With Q drawing closer, not swiftly exactly but steadily, I was drawing — not quite a blank, but I wasn’t inspired. I solicited suggestions from Facebook friends. Quirky, quixotic, query, question, quahaug (aka quahog) . . .
All worthy, but still not quite right. When I did the A to Z Challenge last year in my Write Through It blog, “Q is for Query” was a no-brainer, but the Vineyard connection was tenuous. Quirky and quixotic were more promising: they suggested character, as in “She’s a real character,” meaning she’s colorful, individualistic, maybe even a bit outrageous, but basically harmless. Quincy Hancock III, a minor player in The Mud of the Place, was known as Quirky Hancock in his well-heeled youth.
There’s a Q character in Wolfie too: the animation artist Rafael Quinteros. He plays an important role but so far he hasn’t appeared onstage.
Quahaug — well, that would be a natural if I had an affinity for shellfish, but I don’t, so they haven’t shown up in my writing. Protagonist Shannon Merrick has done her share of crewing on fishing and charter boats, shucking scallops, and other Vineyard jobs, but all of it was before Mud gets under way.
So I went through the mss. of both Mud and Wolfie, searching on space + qu, to find all words beginning with q. Hands-down the most common were quite, quick (and variations, e.g., quickly), quiet (ditto), and question (ditto). Not far behind, at least in Mud, were quote, quoted, and quotable (etc.) — not surprising, since one of the main settings is a newsroom and one of the point-of-view characters a reporter.
Others included quarter, quantum leap, quilt, quarantine, queued, quit, quizzically, quid pro quo, qualify, quotient, Queen Mother (the epithet given Martha’s Vineyard Chronicle publisher Arabella Roth by her mostly admiring staff in Mud), queen (specifically “drama queen” and “sugar-daddy queen”), quarry, qualified, quarrel, queer, quest, query, and Quark XPress.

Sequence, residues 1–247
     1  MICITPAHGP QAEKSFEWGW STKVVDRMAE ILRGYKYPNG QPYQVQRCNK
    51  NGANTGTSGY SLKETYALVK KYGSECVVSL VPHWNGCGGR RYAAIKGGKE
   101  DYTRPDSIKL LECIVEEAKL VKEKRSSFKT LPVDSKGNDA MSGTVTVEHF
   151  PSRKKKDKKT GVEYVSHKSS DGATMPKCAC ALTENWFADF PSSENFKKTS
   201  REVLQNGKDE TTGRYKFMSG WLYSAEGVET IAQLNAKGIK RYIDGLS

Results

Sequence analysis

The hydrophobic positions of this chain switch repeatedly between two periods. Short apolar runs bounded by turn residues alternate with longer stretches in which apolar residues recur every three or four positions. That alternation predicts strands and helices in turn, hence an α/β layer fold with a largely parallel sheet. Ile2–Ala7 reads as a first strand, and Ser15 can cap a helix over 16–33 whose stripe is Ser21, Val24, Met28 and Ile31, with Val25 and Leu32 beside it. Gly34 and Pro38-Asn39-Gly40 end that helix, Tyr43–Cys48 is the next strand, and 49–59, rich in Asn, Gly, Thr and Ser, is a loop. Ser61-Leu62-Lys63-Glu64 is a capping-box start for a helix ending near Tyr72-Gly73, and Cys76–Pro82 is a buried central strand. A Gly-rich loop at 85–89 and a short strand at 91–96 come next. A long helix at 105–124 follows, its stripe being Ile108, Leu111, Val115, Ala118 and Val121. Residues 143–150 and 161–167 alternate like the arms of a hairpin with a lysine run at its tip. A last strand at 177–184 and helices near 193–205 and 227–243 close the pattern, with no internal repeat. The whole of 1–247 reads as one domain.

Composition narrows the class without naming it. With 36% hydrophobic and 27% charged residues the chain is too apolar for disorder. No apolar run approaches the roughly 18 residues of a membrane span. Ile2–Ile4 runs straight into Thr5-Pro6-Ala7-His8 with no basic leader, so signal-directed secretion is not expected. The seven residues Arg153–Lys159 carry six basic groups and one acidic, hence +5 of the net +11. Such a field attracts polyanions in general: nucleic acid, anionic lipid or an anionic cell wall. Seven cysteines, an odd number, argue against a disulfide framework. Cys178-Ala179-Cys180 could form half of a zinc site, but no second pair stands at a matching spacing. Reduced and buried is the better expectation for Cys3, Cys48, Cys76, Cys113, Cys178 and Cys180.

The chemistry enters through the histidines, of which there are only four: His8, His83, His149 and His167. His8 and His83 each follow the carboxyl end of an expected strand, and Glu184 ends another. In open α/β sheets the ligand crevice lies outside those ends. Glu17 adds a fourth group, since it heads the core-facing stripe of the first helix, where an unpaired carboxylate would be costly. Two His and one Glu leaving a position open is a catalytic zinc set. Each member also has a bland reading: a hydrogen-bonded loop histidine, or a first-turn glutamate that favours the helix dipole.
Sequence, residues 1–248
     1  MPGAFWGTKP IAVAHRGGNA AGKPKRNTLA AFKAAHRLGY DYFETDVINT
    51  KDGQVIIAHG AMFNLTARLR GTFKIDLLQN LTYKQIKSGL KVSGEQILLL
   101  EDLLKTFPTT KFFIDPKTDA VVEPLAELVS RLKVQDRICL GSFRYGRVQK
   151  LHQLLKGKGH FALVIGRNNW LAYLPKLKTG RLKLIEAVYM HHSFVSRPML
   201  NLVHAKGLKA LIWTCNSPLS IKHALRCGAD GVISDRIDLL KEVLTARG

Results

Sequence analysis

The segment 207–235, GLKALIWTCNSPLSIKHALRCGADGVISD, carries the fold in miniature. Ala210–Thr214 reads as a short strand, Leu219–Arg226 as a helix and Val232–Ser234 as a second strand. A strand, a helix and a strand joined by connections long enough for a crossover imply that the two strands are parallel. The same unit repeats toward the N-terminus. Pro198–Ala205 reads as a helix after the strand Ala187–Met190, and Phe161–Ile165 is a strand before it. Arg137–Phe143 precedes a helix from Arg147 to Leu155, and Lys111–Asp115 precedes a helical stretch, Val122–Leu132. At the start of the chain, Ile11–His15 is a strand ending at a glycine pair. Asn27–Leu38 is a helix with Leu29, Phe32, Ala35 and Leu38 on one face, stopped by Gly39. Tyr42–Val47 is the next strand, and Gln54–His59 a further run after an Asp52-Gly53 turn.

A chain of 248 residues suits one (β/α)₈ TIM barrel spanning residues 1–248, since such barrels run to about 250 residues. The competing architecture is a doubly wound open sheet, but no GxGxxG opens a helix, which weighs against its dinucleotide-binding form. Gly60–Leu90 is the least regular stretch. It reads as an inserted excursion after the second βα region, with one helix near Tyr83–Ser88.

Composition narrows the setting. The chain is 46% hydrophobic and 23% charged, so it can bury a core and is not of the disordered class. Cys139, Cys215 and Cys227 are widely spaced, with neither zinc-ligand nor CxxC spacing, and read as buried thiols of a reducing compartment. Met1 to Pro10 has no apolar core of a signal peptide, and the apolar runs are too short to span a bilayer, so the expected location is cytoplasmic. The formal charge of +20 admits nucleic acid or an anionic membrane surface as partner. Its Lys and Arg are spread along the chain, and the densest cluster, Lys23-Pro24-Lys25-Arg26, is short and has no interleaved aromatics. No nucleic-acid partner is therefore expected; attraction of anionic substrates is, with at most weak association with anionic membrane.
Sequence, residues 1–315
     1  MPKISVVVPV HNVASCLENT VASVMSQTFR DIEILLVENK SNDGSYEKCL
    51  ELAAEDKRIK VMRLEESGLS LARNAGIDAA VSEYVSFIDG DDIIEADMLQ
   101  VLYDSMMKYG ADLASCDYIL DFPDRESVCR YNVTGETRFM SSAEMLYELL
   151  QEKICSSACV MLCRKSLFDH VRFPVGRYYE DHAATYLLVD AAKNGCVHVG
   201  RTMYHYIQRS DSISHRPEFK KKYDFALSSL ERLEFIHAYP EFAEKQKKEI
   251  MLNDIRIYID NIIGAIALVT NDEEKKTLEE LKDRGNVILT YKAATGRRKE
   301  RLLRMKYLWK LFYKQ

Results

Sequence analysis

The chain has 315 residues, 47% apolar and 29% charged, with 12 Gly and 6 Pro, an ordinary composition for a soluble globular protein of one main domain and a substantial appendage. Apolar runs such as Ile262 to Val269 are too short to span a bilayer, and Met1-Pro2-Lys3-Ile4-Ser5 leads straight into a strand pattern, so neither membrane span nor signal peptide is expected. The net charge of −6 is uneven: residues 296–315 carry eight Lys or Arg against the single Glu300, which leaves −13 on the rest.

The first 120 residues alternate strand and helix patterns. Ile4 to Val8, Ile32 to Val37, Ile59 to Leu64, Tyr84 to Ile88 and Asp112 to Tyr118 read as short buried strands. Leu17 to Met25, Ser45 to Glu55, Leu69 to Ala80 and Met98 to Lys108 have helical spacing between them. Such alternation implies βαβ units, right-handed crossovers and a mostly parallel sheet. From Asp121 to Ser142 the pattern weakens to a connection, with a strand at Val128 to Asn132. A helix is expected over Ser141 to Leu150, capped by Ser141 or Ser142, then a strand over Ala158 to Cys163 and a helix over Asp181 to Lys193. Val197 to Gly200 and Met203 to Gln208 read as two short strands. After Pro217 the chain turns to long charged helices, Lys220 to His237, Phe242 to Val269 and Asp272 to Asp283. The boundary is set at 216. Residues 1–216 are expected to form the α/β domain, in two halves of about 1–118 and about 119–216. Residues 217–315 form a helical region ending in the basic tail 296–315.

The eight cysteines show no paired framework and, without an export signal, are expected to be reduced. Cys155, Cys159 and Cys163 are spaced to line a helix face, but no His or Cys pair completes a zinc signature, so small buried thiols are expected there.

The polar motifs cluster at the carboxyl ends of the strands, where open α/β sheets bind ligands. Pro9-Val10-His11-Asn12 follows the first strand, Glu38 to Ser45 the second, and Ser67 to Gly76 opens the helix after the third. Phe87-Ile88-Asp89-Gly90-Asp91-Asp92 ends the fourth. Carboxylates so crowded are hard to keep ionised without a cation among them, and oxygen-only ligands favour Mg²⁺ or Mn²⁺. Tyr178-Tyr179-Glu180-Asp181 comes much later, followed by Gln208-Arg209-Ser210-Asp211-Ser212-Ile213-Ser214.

Finally, as you’ve no doubt surmised from the title of this post, I settled on questions.
A popular axiom has it that there are no stupid questions, or that the only stupid question is the one that isn’t asked. Up to a point, but it’s also true that the questions you ask can say as much about you as the answers you give to other people’s questions. The eyes of all but the most polite Vineyarders tend to glaze over at “What do you people do in the winter?,” and by the middle of August even polite year-rounders can be caught swapping stupid tourist questions with their friends.
My favorite is being approached by two men at Five Corners around 10 on a weekday morning and being asked “Where can you get a drink in this town?” My answer was “You can’t,” and I pointed them in the direction of Oak Bluffs. You can tell this was a while ago because now you can get a drink in Vineyard Haven, but it has to be with a meal and I’m not sure if anyone’s serving spirits at 10 a.m.
Reporters ask questions and base their stories on the answers. Leslie in Mud of the Place keeps a running list of the answers she needs, who’s likely to have them, and the questions she needs to ask to get them. She’s methodical and competent. In the past she’s demonstrated her courage by asking questions that threatened people in power. If she’s got a fault, it’s that she puts too much stock in her questions. It’s not hard to answer a question truthfully without telling the querent what she wants to know.
Courtroom lawyers are advised against asking questions they don’t already know the answers to, which may sound silly, or at least contradictory, but it’s not. It’s not bad advice for living in a community where word gets around and it’s best to know the lay of the land before you ask anything that might disturb a person’s peace or seriously piss her off.